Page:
Experiencing the Excitement of Driving – Mercedes-Benz Driving Events 2016

Mercedes-Benz recently gave about 400 participants the opportunity to experience the excitement of driving through its Mercedes-Benz Driving Events. The event was held over nine days from 9 to 12 November 2016 at the former Queenstown Club.
The participants got to drive a range of Mercedes-Benz models, including the AMG A45, and experience first-hand the cars’ performance handling. Participants also learnt some defensive driving techniques from a team of professional safety driving instructors from Australia.
DriveRite Driving Facilitator Darion Lim shares some key driver education and training take-aways from the event and some additional defensive driving advice with CLUTCHED.
Performance Handling Experience:
Unfortunately or fortunately it started to rain really hard as we arrived at the "secret test track” for our session on the afternoon of 11 November 2016. As it turned out, the rain was a blessing in disguise. It created ideal conditions for proving the handling prowess for the fleet of Mercedes-Benz models.
Participants had the rare opportunity to test the Dynamic Select Handling Control System in Sports/Sports+ mode for the A-Class, B-Class, C-Class, CLA, E-Class and SLC. The participants were highly impressed by the sporty steering feel, quick throttle response, stability and agility as they drove the cars hard through the slalom course. 
Sometimes, we take these stability systems for granted and forget that they are there to assist and not replace us. A quick reminder may come in the form of front wheel skid or understeer, resulting from an excessive use of power coupled with rapid directional changes by the driver. To achieve synergy with these systems, drivers need to remind themselves constantly that they still have a critical part to play by modulating the ir throttle and steering inputs.
Evasive ABS Braking Exercise:
This exercise provided participants with an opportunity to:
  •  Learn how to stop fast and avoid a collision
  •  Learn how to take evasive action to avoid a collision should the stopping distance be insufficient
Most drivers do not have the opportunity to practice emergency braking after they leave the driving schools. Not only did this exercise provide participants with long-overdue practice, it also taught them how to combine braking and swerving to avoid a collision. But as the saying goes, "with great power comes great responsibility". Unfortunately, some local cases of badly-executed brake and swerve manoeuvres on our Expressways have ended in multiple collisions.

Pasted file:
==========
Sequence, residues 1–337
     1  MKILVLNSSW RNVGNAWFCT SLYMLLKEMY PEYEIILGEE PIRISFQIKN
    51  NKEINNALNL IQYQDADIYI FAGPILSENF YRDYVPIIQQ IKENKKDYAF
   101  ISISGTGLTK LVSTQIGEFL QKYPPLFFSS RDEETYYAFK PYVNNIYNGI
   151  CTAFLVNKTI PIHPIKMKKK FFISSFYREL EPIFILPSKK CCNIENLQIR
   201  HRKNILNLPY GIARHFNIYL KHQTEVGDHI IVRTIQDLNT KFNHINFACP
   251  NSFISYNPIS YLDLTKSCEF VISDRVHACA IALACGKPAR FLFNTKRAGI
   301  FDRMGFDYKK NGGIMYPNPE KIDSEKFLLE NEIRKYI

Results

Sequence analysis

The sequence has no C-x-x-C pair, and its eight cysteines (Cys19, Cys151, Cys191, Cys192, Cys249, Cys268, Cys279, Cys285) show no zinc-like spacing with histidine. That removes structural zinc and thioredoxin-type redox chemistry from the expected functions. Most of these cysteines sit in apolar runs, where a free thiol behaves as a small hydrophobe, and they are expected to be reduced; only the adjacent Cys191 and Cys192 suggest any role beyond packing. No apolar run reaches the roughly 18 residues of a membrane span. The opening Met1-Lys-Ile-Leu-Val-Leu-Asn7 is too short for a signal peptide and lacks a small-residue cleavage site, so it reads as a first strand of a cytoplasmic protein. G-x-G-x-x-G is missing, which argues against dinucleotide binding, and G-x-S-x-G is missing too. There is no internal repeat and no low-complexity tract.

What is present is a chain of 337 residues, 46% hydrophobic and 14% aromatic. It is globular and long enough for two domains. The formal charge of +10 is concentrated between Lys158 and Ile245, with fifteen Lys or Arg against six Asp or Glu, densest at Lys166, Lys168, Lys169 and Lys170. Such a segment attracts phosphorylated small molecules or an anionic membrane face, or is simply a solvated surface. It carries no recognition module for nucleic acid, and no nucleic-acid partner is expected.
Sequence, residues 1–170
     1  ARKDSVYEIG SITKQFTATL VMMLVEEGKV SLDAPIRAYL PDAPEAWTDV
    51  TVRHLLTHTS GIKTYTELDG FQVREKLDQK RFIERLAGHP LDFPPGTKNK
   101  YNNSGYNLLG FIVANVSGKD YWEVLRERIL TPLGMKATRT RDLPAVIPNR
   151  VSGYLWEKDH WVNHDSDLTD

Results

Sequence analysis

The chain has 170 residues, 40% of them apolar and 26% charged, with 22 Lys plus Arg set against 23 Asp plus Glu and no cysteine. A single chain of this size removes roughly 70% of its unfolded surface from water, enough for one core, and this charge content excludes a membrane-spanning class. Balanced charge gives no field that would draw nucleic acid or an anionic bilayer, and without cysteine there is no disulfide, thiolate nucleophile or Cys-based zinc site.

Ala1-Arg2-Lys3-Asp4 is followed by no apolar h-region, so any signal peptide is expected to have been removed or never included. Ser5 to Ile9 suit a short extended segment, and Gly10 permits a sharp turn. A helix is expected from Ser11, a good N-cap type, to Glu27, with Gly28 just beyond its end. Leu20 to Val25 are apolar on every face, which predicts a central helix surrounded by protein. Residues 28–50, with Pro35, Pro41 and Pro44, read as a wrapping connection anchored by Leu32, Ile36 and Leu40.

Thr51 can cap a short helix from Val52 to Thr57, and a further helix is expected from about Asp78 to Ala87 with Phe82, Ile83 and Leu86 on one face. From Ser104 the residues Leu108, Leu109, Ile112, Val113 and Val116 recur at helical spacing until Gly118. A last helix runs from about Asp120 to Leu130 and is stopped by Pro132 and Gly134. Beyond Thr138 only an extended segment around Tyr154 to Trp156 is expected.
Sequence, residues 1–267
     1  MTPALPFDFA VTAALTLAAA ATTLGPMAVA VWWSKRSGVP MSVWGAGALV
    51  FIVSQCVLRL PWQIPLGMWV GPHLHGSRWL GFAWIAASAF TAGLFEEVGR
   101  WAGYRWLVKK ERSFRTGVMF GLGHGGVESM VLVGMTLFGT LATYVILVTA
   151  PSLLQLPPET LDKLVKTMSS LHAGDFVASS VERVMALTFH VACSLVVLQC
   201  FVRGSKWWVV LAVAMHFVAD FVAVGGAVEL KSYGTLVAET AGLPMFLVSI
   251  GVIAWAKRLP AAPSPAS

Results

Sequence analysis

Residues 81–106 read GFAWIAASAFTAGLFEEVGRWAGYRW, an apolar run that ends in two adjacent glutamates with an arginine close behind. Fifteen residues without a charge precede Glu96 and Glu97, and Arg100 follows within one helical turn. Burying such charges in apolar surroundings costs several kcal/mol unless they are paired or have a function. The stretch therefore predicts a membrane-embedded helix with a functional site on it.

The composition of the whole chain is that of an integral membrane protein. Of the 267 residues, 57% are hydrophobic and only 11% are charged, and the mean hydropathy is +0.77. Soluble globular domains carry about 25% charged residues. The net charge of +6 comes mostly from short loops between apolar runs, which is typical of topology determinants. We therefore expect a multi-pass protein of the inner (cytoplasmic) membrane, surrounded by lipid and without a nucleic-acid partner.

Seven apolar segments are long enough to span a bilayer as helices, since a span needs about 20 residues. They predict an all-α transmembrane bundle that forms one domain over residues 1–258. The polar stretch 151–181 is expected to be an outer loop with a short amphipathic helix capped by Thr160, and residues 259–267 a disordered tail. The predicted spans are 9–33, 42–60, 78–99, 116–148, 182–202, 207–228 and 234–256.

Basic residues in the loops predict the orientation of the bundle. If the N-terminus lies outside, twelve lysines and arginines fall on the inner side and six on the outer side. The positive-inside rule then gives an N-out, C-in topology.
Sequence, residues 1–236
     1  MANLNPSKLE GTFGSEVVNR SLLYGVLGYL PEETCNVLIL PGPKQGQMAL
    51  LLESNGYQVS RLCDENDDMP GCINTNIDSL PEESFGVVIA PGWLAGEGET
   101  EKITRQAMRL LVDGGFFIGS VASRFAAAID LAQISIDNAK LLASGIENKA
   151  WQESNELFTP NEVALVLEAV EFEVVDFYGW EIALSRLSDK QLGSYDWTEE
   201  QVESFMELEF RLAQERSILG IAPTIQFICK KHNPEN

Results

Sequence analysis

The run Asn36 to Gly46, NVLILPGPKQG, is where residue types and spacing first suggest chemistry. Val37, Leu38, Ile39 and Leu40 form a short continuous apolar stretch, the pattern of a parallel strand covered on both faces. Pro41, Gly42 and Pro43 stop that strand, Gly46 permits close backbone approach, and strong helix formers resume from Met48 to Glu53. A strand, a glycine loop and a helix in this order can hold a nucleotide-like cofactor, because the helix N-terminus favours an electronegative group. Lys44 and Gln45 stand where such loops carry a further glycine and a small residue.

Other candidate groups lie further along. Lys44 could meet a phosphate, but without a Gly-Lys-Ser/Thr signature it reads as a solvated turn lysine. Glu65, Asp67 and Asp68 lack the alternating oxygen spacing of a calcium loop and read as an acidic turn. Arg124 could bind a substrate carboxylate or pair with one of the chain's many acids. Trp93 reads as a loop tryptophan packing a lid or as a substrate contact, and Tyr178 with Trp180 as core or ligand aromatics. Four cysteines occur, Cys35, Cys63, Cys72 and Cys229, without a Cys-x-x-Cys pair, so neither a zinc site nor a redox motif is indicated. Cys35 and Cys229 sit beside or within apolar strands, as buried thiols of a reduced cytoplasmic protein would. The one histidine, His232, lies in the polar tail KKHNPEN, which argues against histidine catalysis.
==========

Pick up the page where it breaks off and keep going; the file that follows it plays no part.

Participants therefore need to use this newly-learnt skill responsibly and safely. Before executing this evasive manoeuvre, drivers need to be absolutely certain that there is no on-coming traffic before swerving. If not, the consequences could be far worse than just hitting the vehicle in front. To avoid putting yourself in a possibly stressful situation and having to invoke the brake and swerve manoeuvre – drivers should regulate their driving speeds according to the road, traffic and weather conditions and keep a safe following distance.
Skid Control Exercise:
Skid Control Exercise
Skid Control Exercise
This exercise provided participants with an opportunity to:
  • Experience the challenges of driving on slick road surface conditions with the traction control system turned off
  • Learn how to control and recover from a rear wheel skid or oversteer situation
  • Learn about how the traction control system can prevent the car from skidding and spinning out
For the average driver, driving on slick road surface conditions without the aid of a traction control system can be challenging. Controlling and recovering from skids are even more daunting and the available "bro-science" on how to deal with skids does not help. After some hands-on skid control practice, most participants realised that looking and steering in the direction they wish to go is probably the best approach to take. However, in real-life situations involving higher speeds, very deliberate and precise steering inputs are required.
Unfortunately, many local cases of oversteer recovery attempts have ended up in a crash, because drivers gave too much steering input and created a secondary snap oversteer in the opposite direction. True skid control can only happen if you avoid getting into a skid in the first place. This can be achieved by driving defensively – approaching a corner at a safe speed and keeping the car balanced by avoiding aggressive braking, acceleration or steering. 
Thanks to innovative safety technologies (though drivers should not take this as “permission” to drive recklessly), drivers now have an additional safety net, in the form of a traction control system like Mercedes-Benz’s Acceleration Skid Control (ASR) System to assist in the prevention of skids. Drivers should also take note that traction control and stability systems cannot prevent Aquaplaning. Drivers need to remind themselves constantly that safety systems are only there to assist and ultimately, they are still in charge when it comes to driving safely and defensively.
Text & Pics by:
Darion Lim <>

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